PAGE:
Note to Reporters: The following column is written by Shirley Perryman, an Extension specialist in the Department of Food Science and Human Nutrition. The department is part of the College of Applied Human Sciences at Colorado State University.
A digital, print-quality graphic illustrating the MyPlate concept is available at www.choosemyplate.gov.
The new icon replacing the MyPyramid image is a plate—something everyone, even children, can relate to. The original food pyramid debuted in 1992 and even after it was revised in 2005, it remained a complex tool for Americans to reference when making food choices.
The MyPlate icon divides the plate into four food groups: fruit, vegetable, grains and protein with a fifth group next to the plate to represent dairy foods. It is intended to be used for breakfast, lunch and dinner.
Two-thirds of adults and one in three children are either overweight or obese and at greater risk for developing heart disease later in life. That’s evidence of a clear need for an easy-to-use guide like MyPlate to help busy consumers make healthier food choices..
MyPlate is consistent with the 2010 Dietary Guidelines and makes it easier for people to understand and follow those guidelines. The main messages which form the basis of the dietary recommendations include:
– Enjoy what you eat but balance your food choices with your activity level.
– Eat less especially when the portions are large.
– Fill half your plate with fruits and veggies.
– Drink low fat (1 percent) or fat free milk.
– Make half your grains whole grains.
– Choose foods that are lower in sodium based on food labels.
– Drink water instead of sugary drinks.
If you look back at this list of recommendations how many can you check off? If you are among the nearly two-thirds of grocery shoppers who acknowledge their diets could be healthier, these suggestions may be a good starting point.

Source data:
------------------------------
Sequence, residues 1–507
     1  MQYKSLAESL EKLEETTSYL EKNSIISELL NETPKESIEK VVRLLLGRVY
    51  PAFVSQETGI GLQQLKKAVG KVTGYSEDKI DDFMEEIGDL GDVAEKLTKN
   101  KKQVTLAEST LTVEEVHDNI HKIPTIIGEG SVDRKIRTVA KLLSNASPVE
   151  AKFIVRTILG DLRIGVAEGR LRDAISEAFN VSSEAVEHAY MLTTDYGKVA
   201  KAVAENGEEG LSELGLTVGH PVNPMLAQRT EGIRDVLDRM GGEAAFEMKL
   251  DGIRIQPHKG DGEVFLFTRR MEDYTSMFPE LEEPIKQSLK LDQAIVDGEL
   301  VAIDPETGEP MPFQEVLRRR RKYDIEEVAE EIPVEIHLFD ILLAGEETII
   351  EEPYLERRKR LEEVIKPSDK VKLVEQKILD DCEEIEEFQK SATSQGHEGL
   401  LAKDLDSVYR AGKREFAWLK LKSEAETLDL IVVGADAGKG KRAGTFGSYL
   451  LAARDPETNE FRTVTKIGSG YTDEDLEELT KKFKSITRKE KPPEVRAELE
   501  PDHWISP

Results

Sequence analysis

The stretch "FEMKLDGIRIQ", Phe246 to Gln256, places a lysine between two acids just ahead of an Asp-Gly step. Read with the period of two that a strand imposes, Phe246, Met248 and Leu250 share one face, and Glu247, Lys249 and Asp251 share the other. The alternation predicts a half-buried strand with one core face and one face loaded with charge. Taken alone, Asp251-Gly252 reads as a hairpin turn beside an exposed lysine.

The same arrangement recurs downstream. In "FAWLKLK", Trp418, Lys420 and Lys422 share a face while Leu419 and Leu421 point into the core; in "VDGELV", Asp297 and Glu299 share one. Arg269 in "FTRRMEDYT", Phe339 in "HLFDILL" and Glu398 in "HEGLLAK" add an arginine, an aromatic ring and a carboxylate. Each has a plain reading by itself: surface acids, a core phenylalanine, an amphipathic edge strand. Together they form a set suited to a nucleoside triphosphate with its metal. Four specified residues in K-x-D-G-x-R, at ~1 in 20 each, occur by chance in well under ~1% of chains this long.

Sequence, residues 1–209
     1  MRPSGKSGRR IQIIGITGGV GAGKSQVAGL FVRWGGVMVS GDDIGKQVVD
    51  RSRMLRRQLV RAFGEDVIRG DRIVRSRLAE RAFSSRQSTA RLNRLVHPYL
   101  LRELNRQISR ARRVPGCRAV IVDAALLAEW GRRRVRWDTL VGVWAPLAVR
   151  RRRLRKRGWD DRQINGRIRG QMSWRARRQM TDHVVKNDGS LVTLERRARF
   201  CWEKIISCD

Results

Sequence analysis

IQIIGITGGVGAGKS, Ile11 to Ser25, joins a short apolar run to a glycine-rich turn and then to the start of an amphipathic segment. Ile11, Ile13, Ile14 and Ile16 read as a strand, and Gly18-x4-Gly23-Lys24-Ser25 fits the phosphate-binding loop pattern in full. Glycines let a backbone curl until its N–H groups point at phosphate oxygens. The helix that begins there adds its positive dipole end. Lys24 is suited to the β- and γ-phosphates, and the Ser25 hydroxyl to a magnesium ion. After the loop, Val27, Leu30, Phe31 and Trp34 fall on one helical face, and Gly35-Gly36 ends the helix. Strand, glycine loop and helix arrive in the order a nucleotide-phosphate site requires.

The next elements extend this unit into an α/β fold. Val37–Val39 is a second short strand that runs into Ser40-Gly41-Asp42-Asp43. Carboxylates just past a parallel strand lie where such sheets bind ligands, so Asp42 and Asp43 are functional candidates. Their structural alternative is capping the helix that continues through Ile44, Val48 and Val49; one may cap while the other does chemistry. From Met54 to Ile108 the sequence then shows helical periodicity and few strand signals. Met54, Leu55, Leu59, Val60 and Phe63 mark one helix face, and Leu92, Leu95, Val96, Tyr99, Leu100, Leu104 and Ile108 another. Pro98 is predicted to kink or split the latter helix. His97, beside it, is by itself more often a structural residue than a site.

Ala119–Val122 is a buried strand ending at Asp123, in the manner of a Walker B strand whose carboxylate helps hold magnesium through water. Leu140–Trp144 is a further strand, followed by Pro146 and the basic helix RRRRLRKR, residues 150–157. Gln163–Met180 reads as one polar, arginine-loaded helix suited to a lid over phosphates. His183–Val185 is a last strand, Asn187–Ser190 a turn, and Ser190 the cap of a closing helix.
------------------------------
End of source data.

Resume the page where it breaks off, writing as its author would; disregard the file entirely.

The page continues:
If implementing all the recommendations seems overwhelming, consider making changes one at a time. A good way to start is to look at your plate and what is on it. More than fifty percent of Americans clean their plate. Perhaps your plate size is contributing to eating large portions? You could be eating healthier and fewer calories if your plate is modestly sized—based on your age, gender, height and weight and activity level. If your dinner plate is larger, 12- to 14-inches, the smaller — but healthier — portions will look meager. Get a smaller plate, 8- to 10-inches, and those same smaller portions will fill it up so it will look like a meal.
Because portion sizes served at many restaurants tend to be over-sized, our recognition of healthy portion sizes is distorted. At www.choosemyplate.gov you can see healthy daily portions from each food group.
Here are a few easy to remember visuals that represent one standard, healthy portion:
– An ice cream scoop could hold about one-half cup – of fruits, veggies or grains.
– Lean protein such as chicken, fish or lean meat is about the size of a deck of playing cards.
– Several tablespoons of nuts are equal to a small handful.
– One serving of bread is about the size of a Blackberry or iPhone. To be certain you make half your grains whole grains, check the label for the word “whole.”
– An 8 ounce glass of milk is equivalent to a fist. One full serving may only fill your glass part way. Use a measuring cup to find out how many ounces are in your glasses at home.
If you’re already feeling challenged to fill half your plate with fruits and veggies, one researcher found that keeping fresh fruits and veggies in plain sight encouraged eating more of them more often. Keep your fruits and veggies in a bowl on the counter or in the fridge at eye level in clear bins rather than hidden in the crisper drawers near the bottom. Keeping them in plain sight will help you reach for them more often.
You’ve likely noticed there isn’t a place on the plate for “other” foods with added sugar and fat. You should choose those foods thoughtfully and after you’ve counted calories for healthful eating. At the MyPlate site you can see how many additional calories you can afford and what specific foods contain added sugar and fat if you decide you can afford those extra calories.
If you’re inspired or just curious, give this new tool a try! At www.choosemyplate.gov, you can analyze your diet, get a personalized plan, and ask a question. You can find tips for eating out and how to count mixed dishes, among other options. Additional “how-to” resources are being developed but the MyPyramid resources can still be used. Focus on what is on your plate and you’ll be making an investment in your own good health and that of your family.